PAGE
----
Prof. Vavrus presented data from computer simulations done with Prof. Ruddiman. “As computers improve, we can make more sophisticated models that incorporate more and more of the feedback effects together.”

The warming effect from ancient man has prevented an ice age from occurring right now, they say. “If humans hadn’t intervened, it would be two degrees Celsius colder” on the planet over all, Prof. Ruddiman says. “There should be permanent ice sheets covering much of Canada and Eurasia.”

He adds that it doesn’t mean global warming is beneficial: “When my initial paper was published, the climate-change skeptics jumped all over it and said, ‘See, greenhouse gases are our friend,’ ” he says. “But then they realized that if they accepted my hypothesis, it means the climate system is as sensitive as mainstream scientists say it is.”

Eco-friendly Whisky

Raise a glass to drinks conglomerate Diageo, which is building a “green distillery” in Speyside, Scotland – one that will recycle its water, produce 15 per cent of the carbon emissions of an old distillery and cut the heating bill in half by burning used barley. The Rose-

isle plant, the first major distillery to be built in 30 years, is set to open early next year and produce more than 10 million litres of Johnny Walker a year.

Diageo has also announced a greener approach at its Cameronbridge distillery in Fife, with an anaerobic digester costing $120-million – the largest investment in renewable energy in Britain outside the utilities sector. It will recover electricity and energy from the distillery and use it to convert the leftover malt, wheat and yeast into biogas and biomass energy sources, preventing the emission of 56 million tonnes of carbon dioxide a year.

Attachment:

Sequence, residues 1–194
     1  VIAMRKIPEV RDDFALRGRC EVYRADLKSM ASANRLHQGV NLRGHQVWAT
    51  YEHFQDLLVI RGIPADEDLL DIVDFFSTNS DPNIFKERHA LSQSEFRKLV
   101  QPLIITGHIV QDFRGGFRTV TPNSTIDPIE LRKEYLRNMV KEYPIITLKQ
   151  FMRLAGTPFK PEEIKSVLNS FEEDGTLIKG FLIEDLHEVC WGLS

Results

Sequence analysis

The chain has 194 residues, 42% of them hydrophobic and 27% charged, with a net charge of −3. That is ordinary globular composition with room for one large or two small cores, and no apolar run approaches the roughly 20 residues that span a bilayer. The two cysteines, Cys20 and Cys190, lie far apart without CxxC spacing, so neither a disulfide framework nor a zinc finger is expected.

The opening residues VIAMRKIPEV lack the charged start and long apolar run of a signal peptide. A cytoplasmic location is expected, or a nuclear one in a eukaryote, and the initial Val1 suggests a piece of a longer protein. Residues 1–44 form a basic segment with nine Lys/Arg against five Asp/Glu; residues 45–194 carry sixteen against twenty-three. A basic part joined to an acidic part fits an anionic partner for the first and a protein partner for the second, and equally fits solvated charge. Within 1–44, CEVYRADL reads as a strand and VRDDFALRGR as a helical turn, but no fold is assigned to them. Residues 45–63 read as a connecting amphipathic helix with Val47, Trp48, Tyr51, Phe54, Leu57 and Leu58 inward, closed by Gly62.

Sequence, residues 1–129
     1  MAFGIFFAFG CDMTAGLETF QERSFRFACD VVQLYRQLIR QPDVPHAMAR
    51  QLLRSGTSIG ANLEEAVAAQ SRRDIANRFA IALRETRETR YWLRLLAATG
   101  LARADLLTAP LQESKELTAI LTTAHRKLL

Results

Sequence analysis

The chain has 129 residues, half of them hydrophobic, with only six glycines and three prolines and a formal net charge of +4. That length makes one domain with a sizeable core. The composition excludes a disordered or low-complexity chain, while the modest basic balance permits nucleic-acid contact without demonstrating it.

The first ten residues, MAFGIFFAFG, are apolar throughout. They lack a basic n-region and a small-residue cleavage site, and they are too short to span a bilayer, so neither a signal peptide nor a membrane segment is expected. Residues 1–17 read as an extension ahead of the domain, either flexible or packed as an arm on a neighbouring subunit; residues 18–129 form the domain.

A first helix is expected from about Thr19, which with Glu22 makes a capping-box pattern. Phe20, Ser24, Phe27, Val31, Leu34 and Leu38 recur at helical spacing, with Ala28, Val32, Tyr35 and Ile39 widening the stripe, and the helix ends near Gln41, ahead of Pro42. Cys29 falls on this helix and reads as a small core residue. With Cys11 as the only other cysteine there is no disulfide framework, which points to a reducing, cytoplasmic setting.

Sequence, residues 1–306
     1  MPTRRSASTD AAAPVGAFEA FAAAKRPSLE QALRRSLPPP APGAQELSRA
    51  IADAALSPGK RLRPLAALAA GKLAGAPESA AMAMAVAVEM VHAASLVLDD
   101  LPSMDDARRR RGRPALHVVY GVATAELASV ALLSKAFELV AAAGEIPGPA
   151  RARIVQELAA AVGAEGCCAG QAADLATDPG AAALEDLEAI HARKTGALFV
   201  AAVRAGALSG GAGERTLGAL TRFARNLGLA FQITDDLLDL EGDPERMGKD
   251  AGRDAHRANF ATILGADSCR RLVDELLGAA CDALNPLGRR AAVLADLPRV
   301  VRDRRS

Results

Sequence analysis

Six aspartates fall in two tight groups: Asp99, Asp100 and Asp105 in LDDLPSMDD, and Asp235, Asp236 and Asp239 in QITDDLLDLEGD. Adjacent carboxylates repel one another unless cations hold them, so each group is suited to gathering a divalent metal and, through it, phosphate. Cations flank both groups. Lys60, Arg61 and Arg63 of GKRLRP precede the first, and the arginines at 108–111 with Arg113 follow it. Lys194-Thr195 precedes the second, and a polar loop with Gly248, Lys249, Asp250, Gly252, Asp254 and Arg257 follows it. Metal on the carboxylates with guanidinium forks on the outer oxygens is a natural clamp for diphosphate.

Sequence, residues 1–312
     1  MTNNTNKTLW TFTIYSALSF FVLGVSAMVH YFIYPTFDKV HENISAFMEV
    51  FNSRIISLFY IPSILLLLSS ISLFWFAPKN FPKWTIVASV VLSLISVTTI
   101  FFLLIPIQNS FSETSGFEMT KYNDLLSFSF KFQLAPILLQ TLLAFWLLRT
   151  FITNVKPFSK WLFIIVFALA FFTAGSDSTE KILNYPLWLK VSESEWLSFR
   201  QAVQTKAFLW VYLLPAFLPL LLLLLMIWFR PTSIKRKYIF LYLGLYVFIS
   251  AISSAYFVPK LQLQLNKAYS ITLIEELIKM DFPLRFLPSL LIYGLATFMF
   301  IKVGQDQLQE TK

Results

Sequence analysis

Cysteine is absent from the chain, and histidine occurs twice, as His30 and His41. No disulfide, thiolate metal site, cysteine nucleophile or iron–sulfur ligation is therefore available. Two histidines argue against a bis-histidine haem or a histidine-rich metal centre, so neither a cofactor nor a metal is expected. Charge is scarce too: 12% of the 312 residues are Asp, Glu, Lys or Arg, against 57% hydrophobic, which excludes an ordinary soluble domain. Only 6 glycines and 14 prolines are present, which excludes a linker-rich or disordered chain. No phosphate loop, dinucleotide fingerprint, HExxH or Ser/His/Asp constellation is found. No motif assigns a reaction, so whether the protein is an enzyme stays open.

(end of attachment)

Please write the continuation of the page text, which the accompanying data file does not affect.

“The scotch industry as a whole is looking at our environmental strategy,” says Campbell Evans of the Scotch Whisky Association. “The production of Scotch depends on our natural resources so it is important for us.” The industry is in the process of deciding on environmental targets to 2020 and 2050, he says.

Benefits of biochar

It has been called a “miracle material” and a “climate saviour” – and it was invented 500 years ago in the Amazon when farmers took the burnt remains of their food and agricultural waste and buried it in the rain forest.

The burnt material – a porous charcoal called “biochar” – enriched and fertilized the soil, which to this day contains up to 70 times more carbon than non-enriched soils, according to scientists at the United Nations Climate Change Conference in Poznan, Poland, this month.

Now, scientists and policy-makers are urging that the post-Kyoto climate treaty – to be decided on in Copenhagen in 2009 – include stipulations that biochar use be widely adopted in order to lock up the carbon from the burnt plant waste and stimulate growth of more plants to remove carbon from the atmosphere. Its use could make existing agricultural lands more productive, and prevent further deforestation.

Zoe Cormier is a science writer based in London.